DEA special agent Lilita Infante has said that the ratio of criminal to legitimate use in terms of Bitcoin has dropped massively over the last five years – however, this does not mean that the total amounts of Bitcoin involved in criminal activity are necessarily lower.
Infante, who is a member of a 10-person Cyber Investigative Task Force which focuses on dark web and online crime, presented data and comments to Bloomberg this week. She clarified the data by saying: “The volume has grown tremendously, the amount of transactions and the dollar value has grown tremendously over the years in criminal activity, but the ratio has decreased… The majority of transactions are used for price speculation.”
What the DEA task force is now seeing is that the vast majority of illegal Bitcoin and crypto uses are within organized crime syndicates and cartels, meaning that the transaction volumes are enormous. However, the instances of crime on a small level have lowered dramatically, which is good news for the more global perspective of Bitcoin. And while crypto is popular in the criminal underworld for the anonymity it provides, the transaction data that is based on public blockchains means that more data is available to enforcement agencies for trend analysis and precise figures.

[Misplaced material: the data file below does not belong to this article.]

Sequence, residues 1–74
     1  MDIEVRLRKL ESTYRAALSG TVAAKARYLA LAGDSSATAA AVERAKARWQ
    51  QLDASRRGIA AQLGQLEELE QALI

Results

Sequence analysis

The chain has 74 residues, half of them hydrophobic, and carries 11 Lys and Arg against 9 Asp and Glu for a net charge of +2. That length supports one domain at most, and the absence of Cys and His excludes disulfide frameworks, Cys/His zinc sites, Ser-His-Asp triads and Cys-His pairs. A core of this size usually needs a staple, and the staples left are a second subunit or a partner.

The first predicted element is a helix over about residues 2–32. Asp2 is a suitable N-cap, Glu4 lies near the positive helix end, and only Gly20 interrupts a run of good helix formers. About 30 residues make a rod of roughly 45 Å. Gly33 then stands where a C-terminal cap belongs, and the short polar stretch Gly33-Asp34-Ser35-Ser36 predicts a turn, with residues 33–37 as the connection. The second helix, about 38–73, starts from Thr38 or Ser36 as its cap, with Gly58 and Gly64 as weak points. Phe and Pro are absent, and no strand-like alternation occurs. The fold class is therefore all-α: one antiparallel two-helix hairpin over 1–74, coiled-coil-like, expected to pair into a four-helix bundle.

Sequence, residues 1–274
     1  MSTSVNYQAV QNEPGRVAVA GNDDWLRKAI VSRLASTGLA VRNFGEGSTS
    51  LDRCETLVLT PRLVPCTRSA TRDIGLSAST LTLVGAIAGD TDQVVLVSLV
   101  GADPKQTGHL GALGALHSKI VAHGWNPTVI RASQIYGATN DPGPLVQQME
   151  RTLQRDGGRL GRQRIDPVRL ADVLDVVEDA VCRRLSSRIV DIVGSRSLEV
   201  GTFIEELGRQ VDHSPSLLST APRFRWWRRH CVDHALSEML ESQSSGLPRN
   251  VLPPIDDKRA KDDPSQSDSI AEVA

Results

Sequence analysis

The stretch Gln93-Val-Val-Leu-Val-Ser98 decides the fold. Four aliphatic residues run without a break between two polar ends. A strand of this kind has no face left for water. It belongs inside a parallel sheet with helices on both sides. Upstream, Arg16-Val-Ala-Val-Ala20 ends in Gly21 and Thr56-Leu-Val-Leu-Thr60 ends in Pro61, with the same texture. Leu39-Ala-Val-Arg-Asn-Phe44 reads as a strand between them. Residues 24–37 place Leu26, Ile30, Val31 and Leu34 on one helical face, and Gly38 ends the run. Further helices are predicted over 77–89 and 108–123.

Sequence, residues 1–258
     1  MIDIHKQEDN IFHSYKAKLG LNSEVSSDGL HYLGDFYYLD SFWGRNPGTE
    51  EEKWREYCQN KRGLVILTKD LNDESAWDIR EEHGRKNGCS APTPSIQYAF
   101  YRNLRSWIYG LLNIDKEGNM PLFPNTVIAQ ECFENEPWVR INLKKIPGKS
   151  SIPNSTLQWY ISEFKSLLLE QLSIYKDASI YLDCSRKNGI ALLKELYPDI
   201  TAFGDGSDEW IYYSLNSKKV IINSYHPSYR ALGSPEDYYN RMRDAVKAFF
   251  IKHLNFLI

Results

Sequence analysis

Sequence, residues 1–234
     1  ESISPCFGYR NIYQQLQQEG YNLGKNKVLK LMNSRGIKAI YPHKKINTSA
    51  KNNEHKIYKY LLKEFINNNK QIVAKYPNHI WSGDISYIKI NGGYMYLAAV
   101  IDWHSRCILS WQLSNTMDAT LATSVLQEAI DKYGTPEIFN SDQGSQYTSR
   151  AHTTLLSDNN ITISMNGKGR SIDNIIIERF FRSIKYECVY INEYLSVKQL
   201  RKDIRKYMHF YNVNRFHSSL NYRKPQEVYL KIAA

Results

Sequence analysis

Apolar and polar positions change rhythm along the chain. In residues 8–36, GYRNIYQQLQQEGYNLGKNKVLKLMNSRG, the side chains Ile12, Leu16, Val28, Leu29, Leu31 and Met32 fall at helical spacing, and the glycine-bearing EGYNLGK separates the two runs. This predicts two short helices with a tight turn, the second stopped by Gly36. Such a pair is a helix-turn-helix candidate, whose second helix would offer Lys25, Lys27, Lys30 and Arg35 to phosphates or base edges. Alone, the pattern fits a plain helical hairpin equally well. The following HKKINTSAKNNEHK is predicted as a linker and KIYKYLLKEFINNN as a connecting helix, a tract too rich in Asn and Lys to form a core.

In fact, Infante is keen for criminals to continue using crypto, as blockchain is so helpful in terms of the data it provides. She said: “The blockchain actually gives us a lot of tools to be able to identify people. I actually want them to keep using them.”
The report comes only a few days after US claims that Russian intelligence officers used crypto to set themselves up in the hacking scandal that surrounded the 2016 US presidential election. According to the US government, the twelve Russian officers that were indicted, “conspired to launder the equivalent of more than $95,000 through a web of transactions structured to capitalize on the perceived anonymity of cryptocurrencies such as Bitcoin”.
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